New European research has found that children born later in the year are more likely to be diagnosed with ADHD or take ADHD medication than those born earlier on.

Carried out by the Norwegian Institute of Public Health, the study looked at the number of ADHD diagnoses and ADHD medication use among 509,827 Norwegian children aged six-14 years born between 1998 and 2006.

After analyzing the data the team found that the later in the year children were born, the more likely they were to be diagnosed with ADHD or prescribed medication for the condition.

Boys born later -- between Oct. and Dec. -- were 1.4 times more likely to be diagnosed with or use medication for ADHD than those born between January and March, with girls born in the last three months 1.8 per cent more likely.

The team also found that the incidence of medication use also increased with age.

At the end of the follow-up, when children were in ninth grade, 5.3 per cent of boys born between Oct. and Dec. had received ADHD medication, compared with 3.7 per cent of boys born between Jan. and March.

For girls 2.2 per cent of those born later received medication, compared to 1.3 per cent of those born earlier.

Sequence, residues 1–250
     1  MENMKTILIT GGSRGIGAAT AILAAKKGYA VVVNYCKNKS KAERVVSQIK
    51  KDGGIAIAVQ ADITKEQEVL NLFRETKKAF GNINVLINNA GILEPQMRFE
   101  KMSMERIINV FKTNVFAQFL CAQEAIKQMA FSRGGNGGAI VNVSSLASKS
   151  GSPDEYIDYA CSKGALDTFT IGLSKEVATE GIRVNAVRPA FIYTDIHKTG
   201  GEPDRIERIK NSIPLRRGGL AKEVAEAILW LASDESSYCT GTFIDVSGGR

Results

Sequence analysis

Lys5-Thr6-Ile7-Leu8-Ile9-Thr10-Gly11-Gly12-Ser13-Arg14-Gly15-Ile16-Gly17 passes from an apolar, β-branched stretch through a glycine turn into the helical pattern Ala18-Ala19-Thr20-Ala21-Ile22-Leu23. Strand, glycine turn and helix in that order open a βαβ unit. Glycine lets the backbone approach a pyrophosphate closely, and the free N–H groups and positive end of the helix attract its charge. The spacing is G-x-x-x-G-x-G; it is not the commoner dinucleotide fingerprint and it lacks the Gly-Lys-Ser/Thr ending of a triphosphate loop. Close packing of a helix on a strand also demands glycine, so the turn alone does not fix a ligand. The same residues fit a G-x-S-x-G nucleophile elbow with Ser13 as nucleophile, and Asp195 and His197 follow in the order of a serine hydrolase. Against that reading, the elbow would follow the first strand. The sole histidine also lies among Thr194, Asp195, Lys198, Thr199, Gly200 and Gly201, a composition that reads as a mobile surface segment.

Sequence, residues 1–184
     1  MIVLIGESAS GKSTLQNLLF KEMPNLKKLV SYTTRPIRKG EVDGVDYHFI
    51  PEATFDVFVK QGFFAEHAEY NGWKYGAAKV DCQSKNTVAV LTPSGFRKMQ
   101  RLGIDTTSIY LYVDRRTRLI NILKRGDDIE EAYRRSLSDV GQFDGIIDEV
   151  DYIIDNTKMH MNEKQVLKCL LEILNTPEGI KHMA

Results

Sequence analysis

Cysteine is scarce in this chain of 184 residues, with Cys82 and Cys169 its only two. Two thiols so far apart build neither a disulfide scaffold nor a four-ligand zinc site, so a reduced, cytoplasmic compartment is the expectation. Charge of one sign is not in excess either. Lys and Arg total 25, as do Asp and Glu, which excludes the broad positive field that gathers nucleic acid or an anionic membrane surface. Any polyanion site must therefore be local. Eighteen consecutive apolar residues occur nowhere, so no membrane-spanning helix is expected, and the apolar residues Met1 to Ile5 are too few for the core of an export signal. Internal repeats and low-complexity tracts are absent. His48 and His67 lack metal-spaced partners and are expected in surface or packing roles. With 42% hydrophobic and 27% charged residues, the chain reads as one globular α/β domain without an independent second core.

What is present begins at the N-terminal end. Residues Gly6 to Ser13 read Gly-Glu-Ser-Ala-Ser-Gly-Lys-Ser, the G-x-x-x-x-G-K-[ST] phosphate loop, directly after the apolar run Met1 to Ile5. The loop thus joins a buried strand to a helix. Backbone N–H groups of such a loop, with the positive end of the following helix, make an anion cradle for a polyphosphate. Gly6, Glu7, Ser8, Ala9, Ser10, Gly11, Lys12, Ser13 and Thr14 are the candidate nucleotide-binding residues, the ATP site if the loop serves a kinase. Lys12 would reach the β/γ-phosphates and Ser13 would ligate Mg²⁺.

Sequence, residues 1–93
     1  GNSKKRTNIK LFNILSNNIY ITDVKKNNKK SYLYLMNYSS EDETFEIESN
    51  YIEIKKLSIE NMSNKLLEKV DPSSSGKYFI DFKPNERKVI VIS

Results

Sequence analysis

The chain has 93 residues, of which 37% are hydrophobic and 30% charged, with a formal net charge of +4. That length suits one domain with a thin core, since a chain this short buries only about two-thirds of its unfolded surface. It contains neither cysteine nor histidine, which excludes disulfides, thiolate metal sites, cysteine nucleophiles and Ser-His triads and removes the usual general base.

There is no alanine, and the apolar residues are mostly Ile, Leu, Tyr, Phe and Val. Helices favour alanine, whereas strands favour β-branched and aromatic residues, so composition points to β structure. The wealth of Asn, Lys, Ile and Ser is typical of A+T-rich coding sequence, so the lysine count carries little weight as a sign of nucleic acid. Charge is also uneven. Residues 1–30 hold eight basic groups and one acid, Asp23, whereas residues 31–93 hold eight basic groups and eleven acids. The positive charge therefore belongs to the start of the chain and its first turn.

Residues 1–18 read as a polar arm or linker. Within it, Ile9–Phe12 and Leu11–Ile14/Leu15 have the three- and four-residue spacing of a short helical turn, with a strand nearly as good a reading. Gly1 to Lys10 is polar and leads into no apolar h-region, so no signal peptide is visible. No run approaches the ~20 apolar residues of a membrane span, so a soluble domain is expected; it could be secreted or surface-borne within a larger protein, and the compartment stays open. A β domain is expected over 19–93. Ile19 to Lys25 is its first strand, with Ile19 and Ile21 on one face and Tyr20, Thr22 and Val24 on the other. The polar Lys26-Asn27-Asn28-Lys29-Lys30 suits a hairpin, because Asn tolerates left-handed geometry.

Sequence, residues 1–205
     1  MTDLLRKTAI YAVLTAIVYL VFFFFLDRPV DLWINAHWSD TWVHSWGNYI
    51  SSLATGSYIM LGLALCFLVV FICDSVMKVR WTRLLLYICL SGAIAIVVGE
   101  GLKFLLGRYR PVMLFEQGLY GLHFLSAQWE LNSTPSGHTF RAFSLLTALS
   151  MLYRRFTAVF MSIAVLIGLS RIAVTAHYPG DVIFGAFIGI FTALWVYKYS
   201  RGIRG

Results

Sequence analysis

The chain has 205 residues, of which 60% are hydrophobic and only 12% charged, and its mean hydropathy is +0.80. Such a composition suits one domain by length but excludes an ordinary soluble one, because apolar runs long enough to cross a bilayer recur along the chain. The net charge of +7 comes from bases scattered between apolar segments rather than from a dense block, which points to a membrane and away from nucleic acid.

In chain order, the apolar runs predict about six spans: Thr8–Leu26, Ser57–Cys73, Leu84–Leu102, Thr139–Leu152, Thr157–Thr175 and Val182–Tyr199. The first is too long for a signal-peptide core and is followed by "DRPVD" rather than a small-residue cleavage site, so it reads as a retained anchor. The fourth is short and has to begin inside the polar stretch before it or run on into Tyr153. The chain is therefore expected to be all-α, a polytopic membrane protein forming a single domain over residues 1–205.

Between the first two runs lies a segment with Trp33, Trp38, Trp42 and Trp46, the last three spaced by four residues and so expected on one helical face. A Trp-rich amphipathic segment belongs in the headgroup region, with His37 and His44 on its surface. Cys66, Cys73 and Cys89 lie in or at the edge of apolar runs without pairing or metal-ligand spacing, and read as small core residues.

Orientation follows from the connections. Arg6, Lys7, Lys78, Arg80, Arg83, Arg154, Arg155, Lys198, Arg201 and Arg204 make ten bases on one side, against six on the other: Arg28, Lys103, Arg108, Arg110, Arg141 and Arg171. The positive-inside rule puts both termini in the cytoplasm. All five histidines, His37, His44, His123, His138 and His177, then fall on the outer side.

The research backs up the findings from studies in other countries, which have also shown a similar association between birth month and ADHD. However, this is the first time that a link has been found in Norway.

The team is unsure of the reason behind their findings, although they did comment that there is no reason to believe that children born later in the year are more exposed to environmental risk factors for ADHD than those born earlier.

They did suggest however one possible explanation. The criteria to diagnose ADHD from the International Classification of Diseases (ICD10) suggests that symptoms such as inattention, hyperactivity and impulsivity should be more pronounced than expected in relation to the child's age, and as Norwegian children start school the year they turn six, making children born in December youngest in their grade, professionals may be comparing the behavior of younger children to older ones -- that is those born earlier in the year yet are in the same class.

The results can be found published online in the Scandinavian Journal of Public Health.